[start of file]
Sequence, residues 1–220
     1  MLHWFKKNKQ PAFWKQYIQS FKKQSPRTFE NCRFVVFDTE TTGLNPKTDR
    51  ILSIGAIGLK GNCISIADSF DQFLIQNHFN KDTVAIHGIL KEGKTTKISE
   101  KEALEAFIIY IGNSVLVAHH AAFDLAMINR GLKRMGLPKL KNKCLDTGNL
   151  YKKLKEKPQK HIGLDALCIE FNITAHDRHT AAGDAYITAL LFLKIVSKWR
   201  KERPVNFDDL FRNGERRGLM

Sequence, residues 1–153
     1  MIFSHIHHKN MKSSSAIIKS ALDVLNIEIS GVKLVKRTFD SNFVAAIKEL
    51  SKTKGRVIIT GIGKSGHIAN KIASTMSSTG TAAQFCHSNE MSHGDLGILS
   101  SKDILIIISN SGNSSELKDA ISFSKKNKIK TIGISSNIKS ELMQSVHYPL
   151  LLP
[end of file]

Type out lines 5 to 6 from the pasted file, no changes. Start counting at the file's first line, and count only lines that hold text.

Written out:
   151  YKKLKEKPQK HIGLDALCIE FNITAHDRHT AAGDAYITAL LFLKIVSKWR
   201  KERPVNFDDL FRNGERRGLM